Russia’s Seaborne Crude Shipments Rebound to Highest Since May

(Bloomberg) -- Russia’s weekly crude exports jumped by the most since March in the seven days to June 30 on completion of maintenance at major export terminals, with the less volatile four-week average rising to its highest in eight weeks.

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Work affecting Primorsk on the Baltic Sea and Kozmino on the Pacific coast cut shipments through Russia’s two busiest oil terminals in the previous week, with no departures from either for four days during that period. But flows from both recovered fully in the most recent week.

Overseas shipments may have been boosted by a slump in crude processing, with refinery runs in the June 1-26 period the lowest since May 2022, as Ukrainian drone strikes and seasonal maintenance curbed operations.

The gross value of Russia’s crude shipments soared by 25% in the seven days to June 30, with the jump in weekly export volumes boosted by a third straight week-on-week increase in oil prices, which lifted the value of Russian export grades to their highest since April.

Separately, vessels targeted by Western authorities that Moscow relies on to transport its oil are mostly remaining idle after being sanctioned. While three of the 21 ships owned by Russia’s state-controlled Sovcomflot PJSC have taken on cargoes and subsequently disappeared from automated tracking systems, others remain inactive.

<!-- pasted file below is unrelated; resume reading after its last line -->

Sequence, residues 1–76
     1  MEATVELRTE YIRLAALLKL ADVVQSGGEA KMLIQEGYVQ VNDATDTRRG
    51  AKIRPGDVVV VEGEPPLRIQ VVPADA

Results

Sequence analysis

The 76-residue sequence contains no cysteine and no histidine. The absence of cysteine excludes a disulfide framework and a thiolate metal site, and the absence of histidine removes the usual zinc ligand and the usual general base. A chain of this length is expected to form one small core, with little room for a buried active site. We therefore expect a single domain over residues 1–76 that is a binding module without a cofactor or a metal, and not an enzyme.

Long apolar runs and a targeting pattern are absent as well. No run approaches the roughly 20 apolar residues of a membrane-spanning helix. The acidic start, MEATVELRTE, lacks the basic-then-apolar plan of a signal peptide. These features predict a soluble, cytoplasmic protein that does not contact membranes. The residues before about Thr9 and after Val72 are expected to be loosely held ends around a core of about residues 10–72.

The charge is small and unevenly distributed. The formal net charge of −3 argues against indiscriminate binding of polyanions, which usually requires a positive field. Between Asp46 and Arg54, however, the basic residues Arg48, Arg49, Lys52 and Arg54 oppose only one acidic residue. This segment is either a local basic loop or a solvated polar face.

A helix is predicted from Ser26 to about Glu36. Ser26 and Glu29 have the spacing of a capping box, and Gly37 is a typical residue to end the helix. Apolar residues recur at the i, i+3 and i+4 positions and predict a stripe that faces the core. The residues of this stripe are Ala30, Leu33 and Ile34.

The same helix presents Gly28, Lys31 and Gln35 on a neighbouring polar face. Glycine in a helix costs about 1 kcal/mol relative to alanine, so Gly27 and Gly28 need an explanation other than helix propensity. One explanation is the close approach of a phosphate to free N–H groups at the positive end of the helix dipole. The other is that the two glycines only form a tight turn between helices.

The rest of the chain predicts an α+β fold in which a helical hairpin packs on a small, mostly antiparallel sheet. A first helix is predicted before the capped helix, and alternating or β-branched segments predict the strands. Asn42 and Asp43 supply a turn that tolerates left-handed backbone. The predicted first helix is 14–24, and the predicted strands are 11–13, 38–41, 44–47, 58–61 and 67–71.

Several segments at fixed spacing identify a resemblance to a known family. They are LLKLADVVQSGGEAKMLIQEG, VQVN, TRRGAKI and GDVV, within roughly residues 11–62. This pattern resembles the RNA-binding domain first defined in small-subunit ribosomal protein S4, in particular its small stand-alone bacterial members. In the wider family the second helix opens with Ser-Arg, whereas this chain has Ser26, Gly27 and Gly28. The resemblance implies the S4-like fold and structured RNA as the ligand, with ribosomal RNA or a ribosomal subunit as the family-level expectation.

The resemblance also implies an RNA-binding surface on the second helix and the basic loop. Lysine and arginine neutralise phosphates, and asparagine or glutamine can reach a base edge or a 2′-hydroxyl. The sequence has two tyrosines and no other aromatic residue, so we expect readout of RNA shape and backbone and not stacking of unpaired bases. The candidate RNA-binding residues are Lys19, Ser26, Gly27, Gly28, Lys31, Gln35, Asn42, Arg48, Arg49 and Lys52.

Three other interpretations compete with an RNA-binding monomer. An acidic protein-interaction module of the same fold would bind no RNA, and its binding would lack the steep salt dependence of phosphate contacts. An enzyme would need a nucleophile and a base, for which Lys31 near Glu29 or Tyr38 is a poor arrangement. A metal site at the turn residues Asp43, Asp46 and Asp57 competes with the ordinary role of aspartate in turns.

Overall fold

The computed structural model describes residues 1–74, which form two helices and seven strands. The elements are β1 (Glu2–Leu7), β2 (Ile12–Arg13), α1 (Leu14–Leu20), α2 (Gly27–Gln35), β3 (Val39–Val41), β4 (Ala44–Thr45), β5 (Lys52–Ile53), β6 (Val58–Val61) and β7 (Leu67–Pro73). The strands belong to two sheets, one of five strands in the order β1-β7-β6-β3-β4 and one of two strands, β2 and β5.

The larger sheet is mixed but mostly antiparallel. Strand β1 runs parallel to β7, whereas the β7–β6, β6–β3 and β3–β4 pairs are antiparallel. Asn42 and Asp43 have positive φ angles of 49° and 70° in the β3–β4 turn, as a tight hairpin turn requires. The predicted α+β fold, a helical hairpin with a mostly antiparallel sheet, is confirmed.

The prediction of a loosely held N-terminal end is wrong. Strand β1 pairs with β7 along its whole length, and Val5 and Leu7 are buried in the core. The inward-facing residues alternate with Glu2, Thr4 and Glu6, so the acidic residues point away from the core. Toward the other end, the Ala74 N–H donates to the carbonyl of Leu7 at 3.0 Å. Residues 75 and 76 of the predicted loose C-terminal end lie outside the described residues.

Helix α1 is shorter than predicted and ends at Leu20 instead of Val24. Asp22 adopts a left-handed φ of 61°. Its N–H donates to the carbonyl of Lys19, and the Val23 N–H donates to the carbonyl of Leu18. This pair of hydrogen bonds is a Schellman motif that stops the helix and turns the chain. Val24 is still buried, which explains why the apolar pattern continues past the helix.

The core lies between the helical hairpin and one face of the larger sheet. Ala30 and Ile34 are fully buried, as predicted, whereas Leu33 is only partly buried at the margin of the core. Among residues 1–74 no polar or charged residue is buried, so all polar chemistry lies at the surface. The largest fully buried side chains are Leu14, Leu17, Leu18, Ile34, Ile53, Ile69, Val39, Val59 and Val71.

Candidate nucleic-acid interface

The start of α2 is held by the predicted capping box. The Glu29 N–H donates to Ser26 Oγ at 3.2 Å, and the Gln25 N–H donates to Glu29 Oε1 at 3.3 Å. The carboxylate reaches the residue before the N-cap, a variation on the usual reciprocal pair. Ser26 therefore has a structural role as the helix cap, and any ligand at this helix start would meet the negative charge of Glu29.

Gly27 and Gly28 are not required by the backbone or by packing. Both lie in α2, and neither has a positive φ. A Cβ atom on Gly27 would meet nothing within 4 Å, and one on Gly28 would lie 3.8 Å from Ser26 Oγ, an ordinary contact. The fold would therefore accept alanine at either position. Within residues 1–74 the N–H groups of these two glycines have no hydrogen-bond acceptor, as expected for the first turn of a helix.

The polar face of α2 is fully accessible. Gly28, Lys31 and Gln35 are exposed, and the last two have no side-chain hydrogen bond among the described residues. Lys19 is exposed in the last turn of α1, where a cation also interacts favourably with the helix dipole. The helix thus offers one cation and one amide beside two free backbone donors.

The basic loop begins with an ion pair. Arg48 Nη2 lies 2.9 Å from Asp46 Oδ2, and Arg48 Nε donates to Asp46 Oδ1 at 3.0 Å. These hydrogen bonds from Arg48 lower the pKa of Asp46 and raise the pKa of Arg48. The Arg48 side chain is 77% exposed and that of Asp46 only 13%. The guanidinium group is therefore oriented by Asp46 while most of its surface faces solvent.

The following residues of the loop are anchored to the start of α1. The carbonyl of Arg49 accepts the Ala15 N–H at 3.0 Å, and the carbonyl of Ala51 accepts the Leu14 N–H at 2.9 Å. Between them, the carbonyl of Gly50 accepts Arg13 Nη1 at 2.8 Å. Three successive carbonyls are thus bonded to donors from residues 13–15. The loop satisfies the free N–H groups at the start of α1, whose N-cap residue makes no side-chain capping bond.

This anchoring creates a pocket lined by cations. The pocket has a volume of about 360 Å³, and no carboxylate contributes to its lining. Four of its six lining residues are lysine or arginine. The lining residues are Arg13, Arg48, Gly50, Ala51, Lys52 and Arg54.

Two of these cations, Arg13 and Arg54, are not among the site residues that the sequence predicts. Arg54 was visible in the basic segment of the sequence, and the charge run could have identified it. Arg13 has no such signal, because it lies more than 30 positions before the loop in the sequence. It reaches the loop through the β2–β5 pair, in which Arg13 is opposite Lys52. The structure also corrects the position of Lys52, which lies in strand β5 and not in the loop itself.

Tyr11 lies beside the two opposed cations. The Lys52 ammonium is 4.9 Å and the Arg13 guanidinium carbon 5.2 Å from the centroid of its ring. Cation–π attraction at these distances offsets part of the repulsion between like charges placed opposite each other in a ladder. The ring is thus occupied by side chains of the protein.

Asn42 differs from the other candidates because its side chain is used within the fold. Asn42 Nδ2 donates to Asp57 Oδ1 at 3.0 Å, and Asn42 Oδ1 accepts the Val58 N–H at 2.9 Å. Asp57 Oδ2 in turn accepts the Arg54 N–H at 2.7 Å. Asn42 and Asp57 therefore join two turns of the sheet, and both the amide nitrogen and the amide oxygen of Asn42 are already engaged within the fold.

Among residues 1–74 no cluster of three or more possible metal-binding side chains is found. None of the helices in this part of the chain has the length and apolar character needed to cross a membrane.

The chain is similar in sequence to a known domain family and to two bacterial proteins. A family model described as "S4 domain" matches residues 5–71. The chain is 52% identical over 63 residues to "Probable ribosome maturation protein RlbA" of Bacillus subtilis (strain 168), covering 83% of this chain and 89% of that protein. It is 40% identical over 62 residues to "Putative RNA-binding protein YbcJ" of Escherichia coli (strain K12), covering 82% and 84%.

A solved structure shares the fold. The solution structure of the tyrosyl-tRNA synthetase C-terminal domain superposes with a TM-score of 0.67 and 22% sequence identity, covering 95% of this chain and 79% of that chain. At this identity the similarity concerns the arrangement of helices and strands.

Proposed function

All three crude tankers sanctioned by the UK on June 13 remain anchored off Ust-Luga oil terminal, despite earlier featuring in loading programs for Russia’s Baltic ports. It is unclear whether they will actually take on cargoes, though, with all now having disappeared from partial line-ups seen by Bloomberg. Similarly, none of the crude carriers sanctioned by the European Union has loaded a cargo since the directive was published on June 25.

Crude Shipments

A total of 34 tankers loaded 25.66 million barrels of Russian crude in the week to June 30, vessel-tracking data and port agent reports show. That was a sharp rebound from 21.29 million barrels the previous week, after port work ended.

Russia’s seaborne crude flows in the week to June 30 rose by about 620,000 barrels a day to 3.67 million, recovering virtually all of the previous week’s loss. The less volatile four-week average was also up, rising by about 110,000 barrels a day to an eight-week high of 3.48 million.

The previous week’s slump in shipments from Primorsk and Kozmino — Russia’s two most important crude export ports — was fully reversed, but partly offset by fewer ships leaving Novorossiysk and the Arctic terminals at Murmansk.

Shipments from Sakhalin Island are still not running smoothly, with one tanker appearing fully loaded, but still anchored off the terminal and a second anchored partly full.

After last week’s jump, crude shipments so far this year are running about 20,000 barrels a day above the average for the whole of 2023.

Russia terminated its export targets at the end of May, opting instead to restrict production, in line with its partners in the OPEC+ oil producers’ group. The country’s output target is set at 8.978 million barrels a day until the end of September, after which it is scheduled to rise at a rate of 39,000 barrels a day each month until September 2025, as long as market conditions allow.

Two cargoes of Kazakhstan’s KEBCO were loaded at Novorossiysk and one at Ust-Luga during the week.

Flows by Destination

Observed shipments to Russia’s Asian customers, including those showing no final destination, rose to a seven-week high of 3.04 million barrels a day in the four weeks to June 30.

About 1.11 million barrels a day of crude was loaded onto tankers heading to China. The Asian nation’s seaborne imports are boosted by about 800,000 barrels a day of crude delivered from Russia by pipeline, either directly, or via Kazakhstan.